Toxic stress

“Stress” is too common these days in lots of jobs. Despite the stereotype, studies show that it’s those with:

  • lots of demands (on their minds and/or bodies),
  • little or no control or say in what they do and how they do it,
  • little or no support from “bosses”, unions or co-workers, and
  • lack of respect.

That means it’s not those in charge of workplaces who usually are “stressed out”. It’s those who collect our garbage and recycling, build our vehicles, answer office phones and check out our groceries. The work organisation hazards or stressors they face take a toll on bodies and minds, and hazards to the mind become hazards to the body, showing up in physical symptoms. (Others, like the CSA Standard Z1003-13 – Psychological health and safety in the workplace – Prevention, promotion, and guidance to staged implementation, talk about psychosocial hazards.)

The graphic shows the connection between a “stressor” — the hazard that causes a reaction. Acute effects or reactions are called “stress”; longer-term, chronic reactions or results are called “toxic stress”, “job strain”, effort-reward-imbalance and other phrases.
The short-term effects of stressors are well-known: butterflies in the stomach, tight muscles, breathlessness, sweaty palms, etc. The graphic (from the Hospital Employees Union’s very useful The workplace anti-stress guide shows these fight-flight-freeze responses or symptoms.
Using the same “body map”, I designed a second page to explain the symptoms of toxic stress or job strain — on the body and the mind, or the physical and non-physical effects. (Both graphics were used in the Seeing the workplace with new eyes guide.) They range from cardiovascular problems and menstrual disorders to anxiety, depression, irrational behaviour and social isolation.
For details about symptoms and reactions, see Stressors stress and strain basics. It includes a graphic adaptation of the demand-control-support approach to work-related stressors. People are “stressed out” or suffer from “job strain” with the red arrows in the graphic below. Good jobs, which are active and “stress-free” are shown by the green arrows; people have enough demands  or workload, lots of control/say, social support and respect.
In a workshop, U.S. education sector workers named the stressors in their work lives that fit into each category. The photo above shows the result. (They were just told to put each post-it in the category that best matched their situation. The same stressor could end up in several categories, depending on how each person experienced it).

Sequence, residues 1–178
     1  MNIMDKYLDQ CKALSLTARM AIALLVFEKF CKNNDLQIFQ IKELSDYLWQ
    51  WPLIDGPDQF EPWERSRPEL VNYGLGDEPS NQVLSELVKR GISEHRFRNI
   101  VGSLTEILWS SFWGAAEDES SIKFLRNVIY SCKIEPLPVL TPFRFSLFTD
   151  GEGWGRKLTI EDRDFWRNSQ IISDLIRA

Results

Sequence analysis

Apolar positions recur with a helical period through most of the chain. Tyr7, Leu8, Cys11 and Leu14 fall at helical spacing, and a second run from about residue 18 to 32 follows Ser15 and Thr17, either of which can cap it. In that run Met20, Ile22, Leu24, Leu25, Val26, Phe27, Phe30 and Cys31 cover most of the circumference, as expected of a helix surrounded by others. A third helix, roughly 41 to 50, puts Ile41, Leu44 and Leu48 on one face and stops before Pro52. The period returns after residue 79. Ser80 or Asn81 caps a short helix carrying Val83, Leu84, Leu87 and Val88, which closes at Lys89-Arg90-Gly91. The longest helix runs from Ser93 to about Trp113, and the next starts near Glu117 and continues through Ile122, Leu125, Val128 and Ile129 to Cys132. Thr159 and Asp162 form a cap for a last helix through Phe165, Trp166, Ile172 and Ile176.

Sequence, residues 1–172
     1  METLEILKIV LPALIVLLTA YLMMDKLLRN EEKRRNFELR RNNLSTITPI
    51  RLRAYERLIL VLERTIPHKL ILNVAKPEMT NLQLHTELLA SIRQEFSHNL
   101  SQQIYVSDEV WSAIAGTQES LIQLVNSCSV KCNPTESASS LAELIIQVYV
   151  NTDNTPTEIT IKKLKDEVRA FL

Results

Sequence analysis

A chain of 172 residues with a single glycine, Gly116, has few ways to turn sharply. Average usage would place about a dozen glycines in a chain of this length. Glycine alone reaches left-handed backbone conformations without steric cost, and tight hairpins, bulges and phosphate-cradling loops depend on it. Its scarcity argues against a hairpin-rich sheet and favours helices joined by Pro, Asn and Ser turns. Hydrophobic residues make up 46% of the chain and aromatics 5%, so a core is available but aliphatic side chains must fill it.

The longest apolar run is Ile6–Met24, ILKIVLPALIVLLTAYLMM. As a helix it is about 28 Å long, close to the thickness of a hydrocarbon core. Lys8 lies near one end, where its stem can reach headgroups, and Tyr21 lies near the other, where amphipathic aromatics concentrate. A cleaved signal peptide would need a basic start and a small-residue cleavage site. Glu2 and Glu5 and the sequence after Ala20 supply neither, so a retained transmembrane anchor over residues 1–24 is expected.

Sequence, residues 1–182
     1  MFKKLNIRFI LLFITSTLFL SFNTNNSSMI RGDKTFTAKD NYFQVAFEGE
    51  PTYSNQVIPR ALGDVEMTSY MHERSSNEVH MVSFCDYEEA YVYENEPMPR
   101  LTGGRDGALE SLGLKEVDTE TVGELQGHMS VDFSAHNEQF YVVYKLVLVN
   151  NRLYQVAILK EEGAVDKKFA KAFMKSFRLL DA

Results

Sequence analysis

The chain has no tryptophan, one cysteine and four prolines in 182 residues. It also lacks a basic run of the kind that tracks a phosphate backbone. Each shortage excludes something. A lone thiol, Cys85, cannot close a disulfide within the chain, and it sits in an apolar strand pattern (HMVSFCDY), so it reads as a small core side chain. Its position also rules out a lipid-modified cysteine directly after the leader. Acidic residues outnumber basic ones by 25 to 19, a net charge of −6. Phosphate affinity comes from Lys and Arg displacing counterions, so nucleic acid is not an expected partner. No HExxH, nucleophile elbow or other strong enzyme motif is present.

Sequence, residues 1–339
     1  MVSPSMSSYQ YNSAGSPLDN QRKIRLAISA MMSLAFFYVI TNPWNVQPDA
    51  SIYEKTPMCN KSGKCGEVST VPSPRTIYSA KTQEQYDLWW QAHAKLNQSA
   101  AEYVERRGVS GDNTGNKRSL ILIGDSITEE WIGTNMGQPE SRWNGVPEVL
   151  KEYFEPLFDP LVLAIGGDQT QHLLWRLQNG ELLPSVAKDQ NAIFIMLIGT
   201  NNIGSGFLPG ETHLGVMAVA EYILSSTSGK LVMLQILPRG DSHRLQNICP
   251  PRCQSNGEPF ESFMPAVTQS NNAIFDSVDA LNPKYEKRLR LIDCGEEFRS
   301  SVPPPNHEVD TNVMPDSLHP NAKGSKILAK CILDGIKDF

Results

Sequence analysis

Hazards such as violence, harassment and bullying are stressors that came up in different ways. So too did disrespect, long hours of work and

They then mapped the stressors on a physical map to get an overview and better set priorities for needed changes.

A hazard-specific Prevention triangle sets out principles for the kind of changes that prevent or eliminate stressors. Solutions that prevent harm deal with root causes and provide collective solutions (the public health approach). Like other hazards, they aim to get rid of the problem. They do not depend on “health promotion” programmes or rely on individuals taking care of themselves.

They require organisational changes, like those referred to in the innovative StressAssess and Mental Injury Toolkit, based on the Copenhagen Psychosocial Questionnaire (COPSOQ), which is available in 25 languages.

For more details, check out the resources listed below.


“Popular” materials for workers and organisations

  • for individual and organisational assessments/surveys — and solutions — see the Mental Injury Toolkit (with its app) and StressAssess from the Canadian Centre for Occupational Health and Safety (CCOHS) and Occupational Health Clinics for Ontario Workers (OHCOW) — with a very helpful “wizard” to take you through the individual or organisational versions of StressAssess
  • also check out the presentation about the OHCOW tools that John Oudyk made at the COSOQ 7 meeting and my presentation about them
  • articles and more via the U.K. Hazards group, with links to European and North American sources
  • Enough workplace stress: Organizing for change, from the Canadian Union of Public Employees (CUPE), with surveys and solutions
  • Workplace anti-stress guide, designed for health care workplaces by a Canadian union, the Hospital Employees Union (HEU)
  • Jeffrey Pfeffer’s 2018 book, Dying for a paycheck: How modern managment harms employee health and company performance — and what we can do about it, described in the article Your boss is working you to death.
  • managing “psychosocial” hazards booklet, developed in the SOBANE (Screening, Observation, Analysis, Expertise) method by Jacques Malchaire, and used in Belgium and other European sites
  • the European Trade Union Institute (ETUI) page that is regularly updated and links to news, reports and presentations, including news about burn-out being recognised as a job-related hazard
  • materials from the European Union’s Agency for Safety & Health at Work
  • CSA Standard Z1003-13 – Psychological health and safety in the workplace – Prevention, promotion, and guidance to staged implementation — although the standard’s survey does not lead to much organisational action and the questions do not lead to categories that help organisations, unions, individuals or researchers figure out what’s going on
  • National Institute for Occupational Safety and Health (NIOSH) materials about work organisation, including the very useful booklet, Stress at work

Resources with more of an academic bent